This startup wants to be the Disney of India’s YouTuber
Indian culture and entertainment go hand in hand, from movie theaters where audiences throw rupees at exciting fight scenes, to the millions who flock yearly to Mumbai hoping to make it on to the silver screen. Everything in India is moving online, and no one can overlook the glitzy entertainment industry.
“At this point, everyone’s got a tiny little television in their hands,” explains Venkat Prasad, the co-founder of Culture Machine. “That’s a whole new set of viewers waiting to be entertained.”
That little television set is why Culture Machine, a startup founded off the idea that it’s entirely possible to give people exactly what they want, thinks it has a chance to make it big.
It signs on YouTube “creators” – that new agey word referring to people who post creative stuff online – and gives them all the support they need, from studios, to marketing, to PR connections.
“Think of it like Disney with Star Wars,” he says. “They’ve made it into a TV series, they distribute merchandise, they figure out how to twist and turn content. That’s what we do for creators.”
Like Star Wars’ emergence during a time when people were curious about space travel, Culture Machine’s clients are on the cutting edge of what’s what.
Since most YouTube watchers are young, Culture Machine’s content caters to that demographic.
“Being Indian” creates content about the quirky, liberal culture that’s come up with India’s rapid modernization. One of their most popular videos, “Every Indian girlfriend in the world,” has nearly three million views.
Most entertainment is geared towards North India, which is why another one of its creators, Put Chutney, focuses on making stuff that speaks to young South Indians.
Venkat used to work at YouTube, and his co-founder Sameer Pitalwalla held a senior position at UTV, an Indian media company owned by Disney.
The business model involves a lot of work, which means it’s one of the few that actually needs funding to function successfully. The investor interest so far has made it look like a worthy bargain. Last February, it received US$18 million in funding from Tiger Global and Times Internet, bringing the amount of money it’s raised to US$21.5 million.
India’s entertainment industry is notorious for being extremely cutthroat. No family connections? You probably won’t get anywhere. Not enough money? Your chances are slim.
The internet is changing things. “Anyone can be a creator in the digital world,” Venkat says. “You can make two minute videos and longform shows. You can watch music videos or comedy skits.”
That’s where Culture Machine’s technology is useful. The company uses data to help creators figure out what audiences want to watch. If people are pausing and replaying a scene where a man in a cat costume eats food, Culture Machine takes note and passes the information along to creators.
This data also helps with product placement. If a clothing brand like Global Desi – generally catering to young, hip Indians – wants to reach out to an audience, Culture Machine can tell them exactly which creators to pair with and where to place their products.
Signing up with a company like Culture Machine also makes it easier to reach big audiences. “When creators first started out, the only way to create content is to start with a video and hope that a lot of people pick it up,” he says. “We distribute intelligently.”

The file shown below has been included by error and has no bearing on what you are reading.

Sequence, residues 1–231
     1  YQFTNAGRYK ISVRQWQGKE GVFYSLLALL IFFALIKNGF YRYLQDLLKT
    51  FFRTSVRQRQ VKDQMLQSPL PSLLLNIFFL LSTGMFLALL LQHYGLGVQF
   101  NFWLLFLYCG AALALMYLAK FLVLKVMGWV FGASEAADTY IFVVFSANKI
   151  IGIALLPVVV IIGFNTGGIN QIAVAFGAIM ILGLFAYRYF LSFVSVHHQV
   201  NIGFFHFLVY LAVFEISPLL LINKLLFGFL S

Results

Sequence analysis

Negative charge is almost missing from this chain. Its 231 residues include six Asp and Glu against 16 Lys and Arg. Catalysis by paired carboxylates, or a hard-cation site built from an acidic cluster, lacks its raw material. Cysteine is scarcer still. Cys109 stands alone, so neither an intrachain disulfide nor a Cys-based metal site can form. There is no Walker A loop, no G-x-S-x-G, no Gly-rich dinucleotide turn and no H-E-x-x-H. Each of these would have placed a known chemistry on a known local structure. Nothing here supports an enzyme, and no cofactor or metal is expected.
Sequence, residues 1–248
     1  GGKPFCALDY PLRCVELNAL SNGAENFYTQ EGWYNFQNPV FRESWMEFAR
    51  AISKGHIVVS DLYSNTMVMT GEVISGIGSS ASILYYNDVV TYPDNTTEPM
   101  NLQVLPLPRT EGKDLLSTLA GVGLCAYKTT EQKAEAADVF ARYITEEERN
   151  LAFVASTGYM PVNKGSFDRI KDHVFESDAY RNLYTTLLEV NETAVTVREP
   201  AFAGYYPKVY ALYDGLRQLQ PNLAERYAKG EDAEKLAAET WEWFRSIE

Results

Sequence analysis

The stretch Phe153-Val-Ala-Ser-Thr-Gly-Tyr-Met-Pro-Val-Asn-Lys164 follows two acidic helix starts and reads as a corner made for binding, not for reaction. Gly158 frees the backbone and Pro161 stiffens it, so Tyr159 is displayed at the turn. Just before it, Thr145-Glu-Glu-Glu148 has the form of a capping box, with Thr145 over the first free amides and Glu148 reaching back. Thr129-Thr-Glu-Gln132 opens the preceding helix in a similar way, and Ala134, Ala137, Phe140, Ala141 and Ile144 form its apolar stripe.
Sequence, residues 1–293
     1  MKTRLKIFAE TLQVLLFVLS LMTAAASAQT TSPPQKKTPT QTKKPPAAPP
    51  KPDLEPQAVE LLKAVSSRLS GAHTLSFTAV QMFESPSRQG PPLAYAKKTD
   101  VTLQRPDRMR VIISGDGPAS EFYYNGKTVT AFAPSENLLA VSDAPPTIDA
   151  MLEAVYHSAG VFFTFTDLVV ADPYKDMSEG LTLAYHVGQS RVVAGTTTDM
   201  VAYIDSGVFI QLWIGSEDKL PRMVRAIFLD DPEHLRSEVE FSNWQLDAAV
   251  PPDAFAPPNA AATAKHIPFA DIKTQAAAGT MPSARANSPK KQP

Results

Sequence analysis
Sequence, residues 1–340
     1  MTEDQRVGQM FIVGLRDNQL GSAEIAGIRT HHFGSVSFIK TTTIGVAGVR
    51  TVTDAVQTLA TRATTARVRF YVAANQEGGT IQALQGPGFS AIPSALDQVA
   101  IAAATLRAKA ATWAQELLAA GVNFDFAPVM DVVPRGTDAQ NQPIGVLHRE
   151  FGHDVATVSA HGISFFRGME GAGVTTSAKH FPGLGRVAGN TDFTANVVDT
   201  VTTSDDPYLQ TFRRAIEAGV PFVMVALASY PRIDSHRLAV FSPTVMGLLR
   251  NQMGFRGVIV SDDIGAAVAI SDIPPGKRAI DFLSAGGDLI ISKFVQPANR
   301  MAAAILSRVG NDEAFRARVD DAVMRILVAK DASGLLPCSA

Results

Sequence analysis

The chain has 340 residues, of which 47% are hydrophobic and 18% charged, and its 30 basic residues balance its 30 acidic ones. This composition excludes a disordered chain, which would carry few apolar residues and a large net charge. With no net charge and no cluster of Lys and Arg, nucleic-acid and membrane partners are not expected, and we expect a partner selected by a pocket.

“We’ve analyzed all of our different outlets,” he adds. “Facebook distribution is different than Roku distribution. We even syndicate with phone operators. We go anywhere that an audience can distribute.”
This also opens up avenues that artists never knew existed. Venkat cites an example of an artist from Mumbai who’s suddenly become a hit among viewers in Sri Lanka.
The things that one can do with technology are endless, and Culture Machine’s offerings go on and on – but there are a few problems with putting so much effort into digital innovation. Many Indians are stuck using low quality feature phones to access the internet, and recent reports found that India has the slowest data in all of Asia.
This doesn’t phase Venkat, though.
“There’s a mega digital revolution coming our way in terms of the way people consume,” he explains. “This is only the beginning. Smartphones are just getting better and the 3G/4G market is only improving.”
Wild, wild west
The market is huge, especially because there’s not much content out there that specifically caters to young Indians.
The competition that video channels face isn’t as linear as that of conventional media. Time slots aren’t important, and there are enough viewers on the internet for many types of videos to do very well. A retweet from an influencer can help content go viral months after it’s been published, and sharing screen space actually helps celebrities do better.
Tiger Global itself invested US$10 million in another Indian video content creator, The Viral Fever.
There’s still a long way to go before Indians reach for YouTube videos for entertainment instead of the remote control, though. Entertainment’s a tough industry to crack and there’s no tried and tested path that works in this new era that puts virality first.
“At the end of the day, the audience consumes what they’ll want,” says Venkat. “We see ourselves as a digital video network of the future, though. There’s a lot of scope for what we offer.”